Managing one’s time is an occasional struggle for anyone, but... leadership positions. Whether it’s running from classes to meetings, meetings...

Managing one’s time is an occasional struggle for anyone, but especially for students in
leadership positions. Whether it’s running from classes to meetings, meetings to dinner,
and dinner to events, it sometimes feels as though you’re cramming 25 hours into a 24
hour day. It’s important to recognize that time management can help you as long as
you’re willing to assess what you’ve been doing and make a commitment to budget your
time better. Included in this tip sheets are several ideas and methods for improving your
time management. Take an opportunity to examine what you can do for yourself and
make some positive changes to the way that you run your schedule.
The Big Three Steps to Effective Time Management
Organize—Ideally, you should make a list each morning of everything that you want or
need to do for that day. Do not plan every minute and don’t even think about which
task is most important. Just write them all down. Some people find it more helpful to list
their “things to do” in 5 to 7 day groupings. In this way they can plan for longer projects
and get a better sense of their week. Whichever method you choose, keep in mind
everyone has good and bad days. Don’t scold yourself if you don’t accomplish
everything; just add the uncompleted tasks to your next list and get them done.
Prioritize—After you have recorded these “things to do,” go back over the list and
rewrite in priority order which things you need/want to do at the top and less
important/pressing tasks at the bottom. Another option is to use a grading method with
your list. For example, mark those things you need/want to get done immediately with an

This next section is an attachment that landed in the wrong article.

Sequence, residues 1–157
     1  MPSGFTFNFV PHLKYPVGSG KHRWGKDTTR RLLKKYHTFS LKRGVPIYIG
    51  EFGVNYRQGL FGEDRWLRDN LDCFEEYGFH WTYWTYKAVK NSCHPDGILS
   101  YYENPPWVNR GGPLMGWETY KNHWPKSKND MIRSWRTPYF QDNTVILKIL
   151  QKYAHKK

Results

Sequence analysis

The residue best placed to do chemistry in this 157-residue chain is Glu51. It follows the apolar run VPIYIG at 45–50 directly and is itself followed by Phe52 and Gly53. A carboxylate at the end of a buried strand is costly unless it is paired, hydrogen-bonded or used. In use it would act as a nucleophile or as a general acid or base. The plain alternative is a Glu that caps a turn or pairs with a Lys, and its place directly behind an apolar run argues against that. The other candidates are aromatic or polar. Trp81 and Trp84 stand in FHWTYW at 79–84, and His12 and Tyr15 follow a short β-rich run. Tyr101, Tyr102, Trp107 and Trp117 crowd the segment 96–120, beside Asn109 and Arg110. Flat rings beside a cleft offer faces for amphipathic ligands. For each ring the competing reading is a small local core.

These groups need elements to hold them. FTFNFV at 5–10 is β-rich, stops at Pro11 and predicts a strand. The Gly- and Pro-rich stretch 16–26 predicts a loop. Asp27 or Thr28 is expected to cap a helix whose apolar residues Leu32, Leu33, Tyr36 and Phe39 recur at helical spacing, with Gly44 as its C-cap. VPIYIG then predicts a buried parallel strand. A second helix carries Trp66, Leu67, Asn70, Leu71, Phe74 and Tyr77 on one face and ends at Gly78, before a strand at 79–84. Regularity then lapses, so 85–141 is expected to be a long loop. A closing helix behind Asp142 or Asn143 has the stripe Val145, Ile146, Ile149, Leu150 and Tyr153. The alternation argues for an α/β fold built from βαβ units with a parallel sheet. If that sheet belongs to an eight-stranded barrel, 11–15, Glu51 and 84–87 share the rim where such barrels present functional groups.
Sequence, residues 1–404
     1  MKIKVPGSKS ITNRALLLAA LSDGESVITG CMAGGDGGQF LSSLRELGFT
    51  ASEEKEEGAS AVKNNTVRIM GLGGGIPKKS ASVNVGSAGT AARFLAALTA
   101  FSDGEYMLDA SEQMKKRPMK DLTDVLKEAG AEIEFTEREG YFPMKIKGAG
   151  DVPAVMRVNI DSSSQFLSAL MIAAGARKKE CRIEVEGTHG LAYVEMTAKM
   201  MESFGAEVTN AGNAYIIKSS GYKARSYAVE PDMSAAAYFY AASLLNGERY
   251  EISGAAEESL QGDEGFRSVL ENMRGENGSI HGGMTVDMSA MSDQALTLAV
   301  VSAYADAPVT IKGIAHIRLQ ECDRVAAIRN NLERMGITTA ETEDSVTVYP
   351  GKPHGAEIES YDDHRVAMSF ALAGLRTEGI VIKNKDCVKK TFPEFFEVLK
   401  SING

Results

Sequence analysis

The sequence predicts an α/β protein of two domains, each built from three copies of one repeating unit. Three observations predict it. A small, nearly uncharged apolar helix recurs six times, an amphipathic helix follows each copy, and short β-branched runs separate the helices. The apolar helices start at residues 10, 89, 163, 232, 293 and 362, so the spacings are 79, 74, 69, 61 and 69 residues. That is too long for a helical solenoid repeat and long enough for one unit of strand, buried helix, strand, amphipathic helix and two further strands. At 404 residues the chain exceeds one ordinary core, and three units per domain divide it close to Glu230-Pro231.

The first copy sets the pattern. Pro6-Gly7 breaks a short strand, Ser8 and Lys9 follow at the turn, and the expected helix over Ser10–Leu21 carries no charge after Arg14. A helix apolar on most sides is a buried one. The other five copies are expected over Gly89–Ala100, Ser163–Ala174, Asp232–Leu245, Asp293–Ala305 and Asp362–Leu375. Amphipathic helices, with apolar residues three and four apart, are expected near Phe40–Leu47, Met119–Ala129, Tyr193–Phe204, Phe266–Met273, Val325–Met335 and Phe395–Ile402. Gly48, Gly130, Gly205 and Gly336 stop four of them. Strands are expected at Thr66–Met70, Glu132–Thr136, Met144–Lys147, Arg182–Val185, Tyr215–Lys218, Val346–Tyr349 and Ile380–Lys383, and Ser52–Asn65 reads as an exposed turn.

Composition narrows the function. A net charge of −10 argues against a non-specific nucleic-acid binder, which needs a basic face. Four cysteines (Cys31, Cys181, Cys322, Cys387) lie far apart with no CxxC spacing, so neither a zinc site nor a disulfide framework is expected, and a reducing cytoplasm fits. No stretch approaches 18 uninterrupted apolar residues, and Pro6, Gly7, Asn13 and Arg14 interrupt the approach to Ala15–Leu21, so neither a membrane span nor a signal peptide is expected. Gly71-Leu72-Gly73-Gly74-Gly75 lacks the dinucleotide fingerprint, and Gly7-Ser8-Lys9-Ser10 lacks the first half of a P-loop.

A+ while those things that are less important with a C. Keep in mind due dates,
commitments you have made, and whether or not these tasks involve others. If the items
are for class, it is important to consider how much of the final grade they are worth. How
you choose to prioritize is a very personal matter. What is important is that you are
responsible with your priorities.
Schedule—The last thing to do is to take this list and begin to work these “things to do”
into your schedule. Don’t plan every minute of your day. Remember to leave room for
breaks, socializing, and those unexpected things that pop up. There’s no use making a
schedule that is impossible to follow. Try these suggestions, see what works best, and
then be sure to integrate them into your lifestyle. Learning effective time management
now will help you throughout your personal life and professional career.
Tips and Techniques for Managing Time
Survey your normal time schedule; analyze it.
Do one thing at a time; resist detours.
Plan for the unexpected.
Learn to say “No!”
Delegate activities/assignments to fellow student leaders/friends when appropriate.
Handle each piece of paper as few times as possible. File it away or throw it away.
Think on terms of effectiveness first, efficiency second.
A few fat files are better than a lot of thin ones.
If in doubt, throw it out.
The more quickly a minor decision is made, the better.
Analyze your fears. What is the worst thing that can happen if you do or don’t do the
Shake things up once in a while.
When you delegate, entrust. Educate the people and turn the project over to them.
Make sure you follow up. Don’t let people get away without doing your request.
To make a decision, gather available facts, make the decision, and put it into effect.
Keep your work space free from clutter.
Members of the Office of Student Engagement (OSE) staff are available to assist you
with any questions you have regarding leadership issues. The OSE is open Monday
through Friday 9 a.m.—5 p.m. For more information, please contact the office at